How useful are Exclusivity Agreements?

In commercial and residential property transactions, particularly where prime properties are in short supply, exclusivity agreements also known as lock-out agreements may seem an attractive option when they are used in anticipation of a sale and purchase agreement.
 

What is an exclusivity agreement?

It is a preliminary agreement entered into between the buyer and seller at the beginning of a transaction for the sale and purchase of a property. This will usually cover a timetable for the supply of title documentation by the seller, a timetable for the buyer to raise enquiries and an obligation on both parties to instruct their lawyers.

The intention of the agreement is to allow a buyer to proceed with searches, investigations and due diligence without interruption from other interested buyers. It prevents a seller from negotiating with any other party during a fixed period, known as the exclusivity period.

At the end of the fixed period, if the buyer cannot exchange contracts then the agreement comes to an end and the seller is free to negotiate with other buyers. Usually, the buyer is required to pay a non-refundable deposit to cover the seller’s expenses if the buyer does not go ahead.
 

 

Is an exclusivity agreement binding?

No. In legal terms these agreements are of limited use as they do not bind either the seller to sell or the buyer to buy. Until a sale contract is exchanged, a seller will be free to sell the property to anyone else at the end of the exclusivity period as there is no legal obligation to continue to deal with the buyer at all. In many ways, this creates little more than a “gentlemen’s agreement”.

If the seller breaches the agreement by selling the property to someone else during the exclusivity period the buyer will only be able to recover limited damages to cover his wasted costs, for example legal fees or surveyor’s fees.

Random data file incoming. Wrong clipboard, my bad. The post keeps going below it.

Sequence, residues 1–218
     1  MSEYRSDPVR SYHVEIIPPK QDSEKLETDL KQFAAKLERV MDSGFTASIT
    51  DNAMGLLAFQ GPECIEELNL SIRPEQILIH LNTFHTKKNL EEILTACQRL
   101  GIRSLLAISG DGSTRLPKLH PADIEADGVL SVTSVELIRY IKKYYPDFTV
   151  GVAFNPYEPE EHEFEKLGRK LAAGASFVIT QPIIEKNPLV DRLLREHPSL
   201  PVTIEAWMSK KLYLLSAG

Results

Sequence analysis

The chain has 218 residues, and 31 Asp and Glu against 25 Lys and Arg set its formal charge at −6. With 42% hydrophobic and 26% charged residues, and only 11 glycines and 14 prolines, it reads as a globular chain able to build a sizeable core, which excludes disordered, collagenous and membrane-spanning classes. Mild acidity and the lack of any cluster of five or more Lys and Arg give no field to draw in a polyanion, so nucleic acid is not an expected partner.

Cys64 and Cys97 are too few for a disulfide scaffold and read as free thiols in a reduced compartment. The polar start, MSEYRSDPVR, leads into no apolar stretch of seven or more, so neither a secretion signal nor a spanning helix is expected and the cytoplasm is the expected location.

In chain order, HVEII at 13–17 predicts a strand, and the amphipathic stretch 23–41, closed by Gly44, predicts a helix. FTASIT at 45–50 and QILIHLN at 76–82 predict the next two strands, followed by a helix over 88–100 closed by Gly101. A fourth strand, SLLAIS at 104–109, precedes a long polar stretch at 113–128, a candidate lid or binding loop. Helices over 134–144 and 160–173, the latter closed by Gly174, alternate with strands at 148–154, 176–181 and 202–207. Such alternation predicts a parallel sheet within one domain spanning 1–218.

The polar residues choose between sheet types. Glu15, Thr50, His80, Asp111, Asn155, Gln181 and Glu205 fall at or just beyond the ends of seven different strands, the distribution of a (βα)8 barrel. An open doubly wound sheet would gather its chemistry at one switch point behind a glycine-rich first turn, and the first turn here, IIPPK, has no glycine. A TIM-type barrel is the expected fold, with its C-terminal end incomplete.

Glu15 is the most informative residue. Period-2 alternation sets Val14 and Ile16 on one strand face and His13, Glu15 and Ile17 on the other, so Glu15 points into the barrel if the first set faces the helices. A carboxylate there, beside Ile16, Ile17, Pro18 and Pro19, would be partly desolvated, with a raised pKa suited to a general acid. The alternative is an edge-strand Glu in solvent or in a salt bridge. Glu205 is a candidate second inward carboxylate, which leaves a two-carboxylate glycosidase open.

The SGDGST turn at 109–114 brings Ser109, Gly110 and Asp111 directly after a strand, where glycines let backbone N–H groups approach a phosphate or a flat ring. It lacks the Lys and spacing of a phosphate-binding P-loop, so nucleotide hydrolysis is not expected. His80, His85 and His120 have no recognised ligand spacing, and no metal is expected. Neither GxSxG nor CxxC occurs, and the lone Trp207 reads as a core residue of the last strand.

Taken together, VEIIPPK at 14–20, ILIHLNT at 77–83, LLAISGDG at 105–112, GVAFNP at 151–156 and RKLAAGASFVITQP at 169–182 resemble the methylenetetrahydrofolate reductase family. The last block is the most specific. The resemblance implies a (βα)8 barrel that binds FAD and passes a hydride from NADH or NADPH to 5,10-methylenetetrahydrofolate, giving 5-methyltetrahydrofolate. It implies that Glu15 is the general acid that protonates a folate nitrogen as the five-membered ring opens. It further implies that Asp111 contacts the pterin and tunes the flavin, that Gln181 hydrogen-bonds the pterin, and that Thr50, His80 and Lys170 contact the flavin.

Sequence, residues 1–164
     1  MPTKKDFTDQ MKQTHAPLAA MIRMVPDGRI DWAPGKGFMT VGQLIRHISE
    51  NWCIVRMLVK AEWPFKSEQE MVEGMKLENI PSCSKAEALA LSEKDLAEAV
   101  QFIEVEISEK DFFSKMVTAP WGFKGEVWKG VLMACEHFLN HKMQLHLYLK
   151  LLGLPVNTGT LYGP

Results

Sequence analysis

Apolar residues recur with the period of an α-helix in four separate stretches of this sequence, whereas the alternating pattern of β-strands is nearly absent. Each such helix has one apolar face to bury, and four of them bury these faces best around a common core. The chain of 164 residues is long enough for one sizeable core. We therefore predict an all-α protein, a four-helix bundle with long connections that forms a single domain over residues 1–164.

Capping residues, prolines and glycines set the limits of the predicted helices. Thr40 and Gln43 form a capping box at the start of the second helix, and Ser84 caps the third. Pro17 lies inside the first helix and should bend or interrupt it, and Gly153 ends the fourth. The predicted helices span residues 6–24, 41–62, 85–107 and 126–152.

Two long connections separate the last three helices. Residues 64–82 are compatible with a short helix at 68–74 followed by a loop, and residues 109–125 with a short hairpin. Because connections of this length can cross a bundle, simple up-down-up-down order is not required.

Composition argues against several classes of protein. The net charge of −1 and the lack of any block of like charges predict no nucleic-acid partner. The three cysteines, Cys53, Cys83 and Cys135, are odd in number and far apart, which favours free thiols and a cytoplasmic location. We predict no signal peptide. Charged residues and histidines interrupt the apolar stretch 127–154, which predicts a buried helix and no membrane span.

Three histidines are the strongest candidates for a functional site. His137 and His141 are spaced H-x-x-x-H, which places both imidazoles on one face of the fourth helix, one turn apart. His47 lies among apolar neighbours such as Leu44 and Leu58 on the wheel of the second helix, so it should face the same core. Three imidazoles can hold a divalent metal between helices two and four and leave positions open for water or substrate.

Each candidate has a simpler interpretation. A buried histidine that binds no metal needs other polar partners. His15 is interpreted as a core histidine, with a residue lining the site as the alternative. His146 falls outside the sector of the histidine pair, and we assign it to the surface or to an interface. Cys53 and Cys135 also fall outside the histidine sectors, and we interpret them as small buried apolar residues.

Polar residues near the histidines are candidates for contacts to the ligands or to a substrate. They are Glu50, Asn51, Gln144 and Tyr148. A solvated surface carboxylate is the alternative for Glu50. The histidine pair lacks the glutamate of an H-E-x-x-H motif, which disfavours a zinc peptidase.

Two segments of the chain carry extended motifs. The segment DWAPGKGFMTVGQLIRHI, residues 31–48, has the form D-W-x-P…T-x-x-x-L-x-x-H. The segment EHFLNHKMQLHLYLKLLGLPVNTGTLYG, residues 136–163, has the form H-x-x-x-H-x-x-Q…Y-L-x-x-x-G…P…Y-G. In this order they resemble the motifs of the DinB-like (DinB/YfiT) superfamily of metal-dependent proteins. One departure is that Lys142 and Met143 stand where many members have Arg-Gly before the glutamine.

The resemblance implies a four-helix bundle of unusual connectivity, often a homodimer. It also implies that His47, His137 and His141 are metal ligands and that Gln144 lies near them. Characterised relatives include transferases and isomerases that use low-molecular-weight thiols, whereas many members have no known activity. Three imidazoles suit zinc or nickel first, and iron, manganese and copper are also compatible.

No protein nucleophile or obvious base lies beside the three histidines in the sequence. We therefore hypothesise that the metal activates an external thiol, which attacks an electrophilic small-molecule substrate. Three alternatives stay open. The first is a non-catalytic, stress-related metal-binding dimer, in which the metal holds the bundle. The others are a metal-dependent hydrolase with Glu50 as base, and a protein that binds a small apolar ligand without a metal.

Is it worth having such an agreement in place?

Exclusivity agreements provide a potential buyer with some breathing space to carry out their conveyancing as it allows a short period of protection within which a buyer can proceed with its due diligence. If, however, a potential buyer is looking for longer-term protection while it decides if it wants to proceed then this type of agreement is not the answer.
 

Conclusion of exclusivity agreements?

The negotiation of exclusivity agreements can take time and a well-drafted agreement needs to be clear and address both the buyer’s and the seller’s concerns to avoid any disputes.

Whilst they can be useful in some circumstances, they can also hinder progress of the property transaction. It may be in the interests of both the buyer and seller to focus on achieving an exchange of contracts rather than spending time trying to agree the terms of an exclusivity agreement which merely provides a loose commitment between the parties.

Contact One Of Our Property Solicitors Today

If you need any advice on buying or selling a property, please contact Zahra Shah at Meaby&Co for advice: zshah@meaby.co.uk or call 020 7703 5034.

 

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